Stop estate agents' fees from eating into your buy-to-let profits

Landlords are making big savings by finding tenants online, says Chris Partridge
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Buy-to-let landlords are moving to the web to market their properties, deserting the high-street letting agents for online agents offering much cheaper services.

The trend is being driven by tenants, who tend to be young and tech-savvy. The vast majority of tenants (estimates vary between 70 and 80 per cent) now search for new places to live almost exclusively on the web, particularly on the huge websites that carry adverts from most of the letting agents, such as Primelocation and RightMove.

Many hands-on landlords would like to cut out letting agents entirely but are excluded from dealing directly with the property portals, which accept ads only from professional agents. The reason given by both the portals is that only agents are regulated by the Property Misdescriptions Act, despite the fact that the Act does not apply to lettings. The real reason seems to be that they do not want to offend their big clients.

Faced with the need to use an agent to get exposure for their property, landlords are discovering that big savings can be made by using purely online agents, unencumbered by expensive high-street premises.

According to Adam Day, a former high-street estate agent who founded nearly a year ago, online agents can offer a better service than their shop-based equivalent at a fraction of the cost.

"Lettings have always been seen as the poor relation, but we treat them exactly the same as sales, so landlords get a floor plan, photographs and a full description of the property," Day says. "Landlords can't believe it."

Day has seen a big increase in the number of landlords who come to, which is physically based in an office in Hitchin, to get tenants but not to manage the property. "We are getting an awful lot of people from London buying new flats at a development here, but none of them wants management services," he says. "Now, about 40 per cent want a let only."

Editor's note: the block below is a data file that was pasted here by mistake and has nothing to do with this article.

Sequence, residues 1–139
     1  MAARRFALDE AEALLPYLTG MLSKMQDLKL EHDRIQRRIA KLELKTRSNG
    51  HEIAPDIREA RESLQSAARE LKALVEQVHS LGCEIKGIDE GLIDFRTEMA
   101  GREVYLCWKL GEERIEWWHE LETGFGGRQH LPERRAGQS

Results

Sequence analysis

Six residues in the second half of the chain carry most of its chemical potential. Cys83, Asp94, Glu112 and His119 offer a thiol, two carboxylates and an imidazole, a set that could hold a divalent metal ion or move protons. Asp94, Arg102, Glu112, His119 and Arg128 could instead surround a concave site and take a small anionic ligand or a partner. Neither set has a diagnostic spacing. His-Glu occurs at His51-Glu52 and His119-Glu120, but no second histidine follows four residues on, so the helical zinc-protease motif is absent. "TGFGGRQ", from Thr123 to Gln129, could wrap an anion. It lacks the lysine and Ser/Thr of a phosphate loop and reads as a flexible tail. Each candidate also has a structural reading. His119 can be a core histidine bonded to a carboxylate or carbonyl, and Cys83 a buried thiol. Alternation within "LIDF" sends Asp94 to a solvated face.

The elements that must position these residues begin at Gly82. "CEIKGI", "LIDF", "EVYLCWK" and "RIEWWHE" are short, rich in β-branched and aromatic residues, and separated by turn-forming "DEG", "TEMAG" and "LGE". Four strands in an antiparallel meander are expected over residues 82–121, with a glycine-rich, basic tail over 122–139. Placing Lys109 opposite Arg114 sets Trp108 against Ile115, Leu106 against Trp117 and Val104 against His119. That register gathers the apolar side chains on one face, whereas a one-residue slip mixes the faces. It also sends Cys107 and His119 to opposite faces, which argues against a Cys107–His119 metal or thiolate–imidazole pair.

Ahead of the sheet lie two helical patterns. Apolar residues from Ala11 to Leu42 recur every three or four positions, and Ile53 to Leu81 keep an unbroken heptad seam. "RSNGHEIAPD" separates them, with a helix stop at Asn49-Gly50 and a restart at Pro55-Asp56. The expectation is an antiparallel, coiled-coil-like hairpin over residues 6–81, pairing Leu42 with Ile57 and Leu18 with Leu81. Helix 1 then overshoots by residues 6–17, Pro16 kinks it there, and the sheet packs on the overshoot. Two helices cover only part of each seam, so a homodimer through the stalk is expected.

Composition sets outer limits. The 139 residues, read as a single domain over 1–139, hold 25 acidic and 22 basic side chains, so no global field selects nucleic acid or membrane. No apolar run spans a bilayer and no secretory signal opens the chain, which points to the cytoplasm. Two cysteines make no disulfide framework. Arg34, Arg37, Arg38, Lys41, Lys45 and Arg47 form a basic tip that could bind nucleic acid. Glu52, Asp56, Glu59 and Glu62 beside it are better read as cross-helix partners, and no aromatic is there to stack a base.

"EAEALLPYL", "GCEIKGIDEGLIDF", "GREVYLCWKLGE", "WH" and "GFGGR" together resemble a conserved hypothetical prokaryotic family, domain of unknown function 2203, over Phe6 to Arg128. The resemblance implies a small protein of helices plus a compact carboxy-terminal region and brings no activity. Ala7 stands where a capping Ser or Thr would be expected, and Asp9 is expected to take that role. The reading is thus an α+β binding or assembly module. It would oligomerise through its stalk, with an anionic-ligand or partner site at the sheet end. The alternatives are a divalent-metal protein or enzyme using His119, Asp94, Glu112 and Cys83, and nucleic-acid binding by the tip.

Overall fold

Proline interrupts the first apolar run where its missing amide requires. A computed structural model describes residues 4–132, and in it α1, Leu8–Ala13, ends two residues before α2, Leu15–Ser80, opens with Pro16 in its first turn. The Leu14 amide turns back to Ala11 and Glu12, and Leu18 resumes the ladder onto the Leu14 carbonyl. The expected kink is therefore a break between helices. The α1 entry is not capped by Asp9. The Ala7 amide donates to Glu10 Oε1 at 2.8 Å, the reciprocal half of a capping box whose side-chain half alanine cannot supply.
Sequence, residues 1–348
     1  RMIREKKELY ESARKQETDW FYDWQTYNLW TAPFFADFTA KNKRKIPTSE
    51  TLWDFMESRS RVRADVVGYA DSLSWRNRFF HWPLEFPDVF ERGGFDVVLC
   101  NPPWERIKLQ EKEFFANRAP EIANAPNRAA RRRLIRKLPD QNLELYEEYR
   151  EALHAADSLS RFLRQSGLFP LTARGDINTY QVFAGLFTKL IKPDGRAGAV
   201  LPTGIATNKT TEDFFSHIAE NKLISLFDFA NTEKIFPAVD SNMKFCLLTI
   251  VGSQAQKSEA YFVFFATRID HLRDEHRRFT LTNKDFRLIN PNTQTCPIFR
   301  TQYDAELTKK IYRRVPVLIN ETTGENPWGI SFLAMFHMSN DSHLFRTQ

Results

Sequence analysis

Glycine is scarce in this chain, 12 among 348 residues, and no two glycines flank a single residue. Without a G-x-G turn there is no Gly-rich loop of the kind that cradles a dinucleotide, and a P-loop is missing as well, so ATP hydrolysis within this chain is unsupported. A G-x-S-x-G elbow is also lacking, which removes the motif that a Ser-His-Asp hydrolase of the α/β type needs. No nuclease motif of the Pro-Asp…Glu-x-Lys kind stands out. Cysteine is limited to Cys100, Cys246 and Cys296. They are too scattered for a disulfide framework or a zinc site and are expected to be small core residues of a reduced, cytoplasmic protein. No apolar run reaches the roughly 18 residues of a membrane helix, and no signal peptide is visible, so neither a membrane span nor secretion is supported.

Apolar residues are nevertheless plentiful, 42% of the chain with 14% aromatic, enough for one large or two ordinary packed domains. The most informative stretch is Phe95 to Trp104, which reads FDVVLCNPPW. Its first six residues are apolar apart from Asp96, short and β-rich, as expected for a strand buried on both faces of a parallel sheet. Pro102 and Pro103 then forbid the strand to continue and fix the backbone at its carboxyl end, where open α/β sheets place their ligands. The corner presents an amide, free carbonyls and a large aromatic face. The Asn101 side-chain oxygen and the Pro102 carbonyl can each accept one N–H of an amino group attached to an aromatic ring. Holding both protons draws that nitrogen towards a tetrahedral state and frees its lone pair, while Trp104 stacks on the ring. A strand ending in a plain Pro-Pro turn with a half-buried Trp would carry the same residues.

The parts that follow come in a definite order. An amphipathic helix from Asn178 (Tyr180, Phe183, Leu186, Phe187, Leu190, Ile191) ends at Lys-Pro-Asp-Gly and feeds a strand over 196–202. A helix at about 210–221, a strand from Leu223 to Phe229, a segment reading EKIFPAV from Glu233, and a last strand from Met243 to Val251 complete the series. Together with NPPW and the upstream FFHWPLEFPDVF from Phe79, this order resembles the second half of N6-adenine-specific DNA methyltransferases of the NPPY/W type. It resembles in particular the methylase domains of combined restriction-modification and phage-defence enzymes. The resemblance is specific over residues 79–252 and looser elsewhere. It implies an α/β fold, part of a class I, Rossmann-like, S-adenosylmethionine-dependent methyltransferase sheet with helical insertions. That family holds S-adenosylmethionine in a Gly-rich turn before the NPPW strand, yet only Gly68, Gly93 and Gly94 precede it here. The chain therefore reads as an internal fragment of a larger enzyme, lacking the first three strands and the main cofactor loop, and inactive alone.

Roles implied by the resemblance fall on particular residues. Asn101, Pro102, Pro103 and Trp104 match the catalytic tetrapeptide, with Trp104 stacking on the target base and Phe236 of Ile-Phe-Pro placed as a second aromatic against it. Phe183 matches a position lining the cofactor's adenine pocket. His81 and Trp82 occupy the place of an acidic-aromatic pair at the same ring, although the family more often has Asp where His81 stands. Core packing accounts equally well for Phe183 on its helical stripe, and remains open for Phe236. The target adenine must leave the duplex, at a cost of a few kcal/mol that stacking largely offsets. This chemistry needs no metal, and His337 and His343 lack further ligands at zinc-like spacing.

For a let-only deal, charges a launch fee of £50, plus 20 per cent of the first month's rent, against an average of 60 per cent on the high street. Both fees exclude VAT.

Because the ads are online, landlords can also use animated graphics, such as virtual tours, to promote the property. They also get their own mini-website to check how many people view their virtual property.

Mark Applegate, proprietor of The Lettings Network in south London, became an online agent by accident. "When I bought the company we had an office in Bromley, but they wanted to put the rent up so I started working from home," he says.

"My ambition was to get a high-street presence but as we went internet-based we could reduce the fees substantially."

Applegate now operates from a converted ground-floor bedroom in his house, and is franchising the operation to cover neighbouring areas.

"About 70 per cent of landlords prefer to take our introduction-only service and manage the properties themselves," he says.

Ads are placed on the major web portals, including RightMove and Findaproperty, and also in the local newspapers.

Working from home enables him to offer a very personal service. "I start to recognise my landlords' voices so they don't even have to identify themselves when they ring," he says.

The introduction-only service costs three weeks' rent, and full management costs 10 per cent, including inventory management and insurance.

The major concern about online letting agents is how to judge their probity and reliability, in the absence of a swanky office in a prominent location. Landlords are advised to check that they are members of a trade body such as the Association of Residential Letting Agents (ARLA) or the UK Association of Letting Agents (UKALA). If their service includes taking deposits, they must be a member of one of the tenancy deposit protection schemes. (covers Hitchin, Hertfordshire) (Bromley, south London) (Chiswick, west London) (Cardiff)